AUSTIN, Texas — A federal appeals court on Tuesday upheld Texas' strict abortion restrictions that could soon leave only seven abortion clinics open in a state of 27 million people.
The decision by the 5th U.S. Circuit Court of Appeals allows Texas to enforce Republican-backed restrictions that require abortion clinics to meet hospital-level operating standards, a checklist that includes rules on minimum room sizes, staffing levels and air ventilation systems. The restrictions, approved in 2013, are among the toughest in the nation.
Owners of traditional abortion clinics, which resemble doctor's offices more than hospitals, say they would be forced to close because the new rules demand millions of dollars in upgrades they can't afford. That would mark the second large wave of closures in as many years in Texas, which had 41 abortion clinics in 2012, before other new restrictions took effect that require doctor admitting privileges.
"Not since before Roe v. Wade has a law or court decision had the potential to devastate access to reproductive health care on such a sweeping scale," said Nancy Northrop, president and CEO of the Center for Reproductive Rights. "We now look to the Justices to stop the sham laws that are shutting clinics down and placing countless women at risk of serious harm."
Texas will be able to start enforcing the restrictions in about three weeks unless the U.S. Supreme Court agrees to halt the decision, said Stephanie Toti, an attorney for the center. Only seven abortion facilities in Texas, including four operated by Planned Parenthood, meet the more robust requirements.
Abortion-rights groups said they will appeal to the U.S. Supreme Court, which temporarily sidelined the law last year.
If the law takes effect, some women in the state would live hundreds of miles away from a Texas abortion provider. But that argument didn't sway the three-judge panel making the decision for the New Orleans-based appeals court, which is considered one of the most conservative in the nation. The judges noted that a New Mexico abortion clinic was just across the Texas border, and said clinic owners in Texas failed to prove that a "large fraction" of women would be burdened.
Republican Texas Attorney General Ken Paxton, whose office argued before the appeals court in January, praised Tuesday's ruling.
"Abortion practitioners should have no right to operate their businesses from sub-standard facilities and with doctors who lack admitting privileges at a hospital," Paxton said.
Republican Gov. Greg Abbott and other conservatives say the standards protect women's health. But abortion-rights supports say the law is a thinly veiled attempt to block access to abortions in Texas, which has been the site of one of the nation's largest abortion fights for two years. Toti said roughly a half-dozen other states require similar standards for abortion clinics, but unlike in those states, the Texas law doesn't allow clinics to be grandfathered or seek waivers.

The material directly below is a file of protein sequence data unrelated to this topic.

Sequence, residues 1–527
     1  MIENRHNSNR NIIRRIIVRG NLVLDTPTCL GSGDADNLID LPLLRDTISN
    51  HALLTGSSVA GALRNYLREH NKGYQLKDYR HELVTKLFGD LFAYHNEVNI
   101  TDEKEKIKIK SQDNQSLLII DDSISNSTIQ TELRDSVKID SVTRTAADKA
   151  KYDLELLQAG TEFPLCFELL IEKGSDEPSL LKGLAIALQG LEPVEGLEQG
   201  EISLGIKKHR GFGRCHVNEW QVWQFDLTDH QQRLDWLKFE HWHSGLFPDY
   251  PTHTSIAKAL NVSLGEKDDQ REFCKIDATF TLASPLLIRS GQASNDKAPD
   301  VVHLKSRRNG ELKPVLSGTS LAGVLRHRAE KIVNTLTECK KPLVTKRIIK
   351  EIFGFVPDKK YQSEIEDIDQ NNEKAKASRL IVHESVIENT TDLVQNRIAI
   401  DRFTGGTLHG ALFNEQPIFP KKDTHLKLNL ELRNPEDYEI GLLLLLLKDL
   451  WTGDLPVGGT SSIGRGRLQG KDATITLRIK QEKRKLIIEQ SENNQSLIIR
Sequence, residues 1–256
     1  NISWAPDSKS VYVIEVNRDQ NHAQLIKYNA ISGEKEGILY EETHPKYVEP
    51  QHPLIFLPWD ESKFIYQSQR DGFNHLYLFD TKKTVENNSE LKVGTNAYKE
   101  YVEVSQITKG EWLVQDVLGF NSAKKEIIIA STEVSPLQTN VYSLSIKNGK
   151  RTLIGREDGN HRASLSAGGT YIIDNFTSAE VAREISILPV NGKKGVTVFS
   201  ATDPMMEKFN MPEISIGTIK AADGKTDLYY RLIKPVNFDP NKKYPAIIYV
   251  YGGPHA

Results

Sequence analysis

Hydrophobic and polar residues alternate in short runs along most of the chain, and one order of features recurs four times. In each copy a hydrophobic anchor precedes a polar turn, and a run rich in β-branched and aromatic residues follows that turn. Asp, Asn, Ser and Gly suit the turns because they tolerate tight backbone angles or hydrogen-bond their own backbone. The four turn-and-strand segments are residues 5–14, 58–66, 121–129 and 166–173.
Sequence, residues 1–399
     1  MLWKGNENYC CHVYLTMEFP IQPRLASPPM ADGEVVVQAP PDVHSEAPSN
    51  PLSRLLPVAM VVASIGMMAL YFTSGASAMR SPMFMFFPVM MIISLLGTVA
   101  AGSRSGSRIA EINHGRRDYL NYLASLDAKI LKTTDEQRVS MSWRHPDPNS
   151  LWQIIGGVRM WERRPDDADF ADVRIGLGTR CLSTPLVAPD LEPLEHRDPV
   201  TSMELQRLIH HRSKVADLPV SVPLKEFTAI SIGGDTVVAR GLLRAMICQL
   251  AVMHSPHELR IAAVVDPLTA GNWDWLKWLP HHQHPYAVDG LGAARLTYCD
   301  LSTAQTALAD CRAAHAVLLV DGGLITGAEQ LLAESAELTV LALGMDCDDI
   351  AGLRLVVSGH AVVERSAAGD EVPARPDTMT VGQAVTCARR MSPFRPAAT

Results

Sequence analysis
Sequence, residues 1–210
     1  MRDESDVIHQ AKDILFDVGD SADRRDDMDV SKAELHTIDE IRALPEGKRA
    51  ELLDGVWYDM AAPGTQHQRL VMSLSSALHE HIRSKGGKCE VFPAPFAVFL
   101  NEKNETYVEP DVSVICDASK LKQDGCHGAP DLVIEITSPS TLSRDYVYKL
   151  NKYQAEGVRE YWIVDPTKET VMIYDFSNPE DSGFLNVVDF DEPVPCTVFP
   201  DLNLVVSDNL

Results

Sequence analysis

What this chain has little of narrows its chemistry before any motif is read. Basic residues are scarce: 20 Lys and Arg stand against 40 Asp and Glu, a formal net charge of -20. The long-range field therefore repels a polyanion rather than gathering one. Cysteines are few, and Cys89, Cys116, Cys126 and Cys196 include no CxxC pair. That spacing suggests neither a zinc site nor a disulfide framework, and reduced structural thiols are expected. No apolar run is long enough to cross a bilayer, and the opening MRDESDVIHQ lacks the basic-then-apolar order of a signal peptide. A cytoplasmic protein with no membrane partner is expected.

About 18 abortion clinics are currently open in Texas, though the number fluctuates depending on whether a facility has a doctor with hospital admitting privileges.
Under the new restrictions, the only remaining abortion facilities in Texas would be in major cities. One exception would be a Whole Woman's Health clinic in McAllen, near the Texas-Mexico border, which the 5th Circuit exempted from some restrictions — but Toti said even those exemptions are so limited that it may not be practical to keep that clinic open.
For women in El Paso, the closest abortion provider in Texas would require a 1,200-mile round trip to San Antonio, or they would have to cross state lines. The appeals court found that option suitable, noting that a clinic was just across the border in Santa Teresa, New Mexico.
"Although the nearest abortion facility in Texas is 550 miles away from El Paso, there is evidence that women in El Paso can travel the short distance to Santa Teresa to obtain an abortion and, indeed, the evidence is that many did just that," the court wrote.
Attorneys for the state also dismissed opponents' arguments about women being burdened by fewer abortion facilities, saying that nearly 9 in 10 women in Texas would still live within 150 miles of a provider.
The restrictions are the same ones that Democrat Wendy Davis temporarily blocked with a 13-hour filibuster in the Texas Legislature in 2013, which attracted national attention and propelled her to an unsuccessful run for governor.
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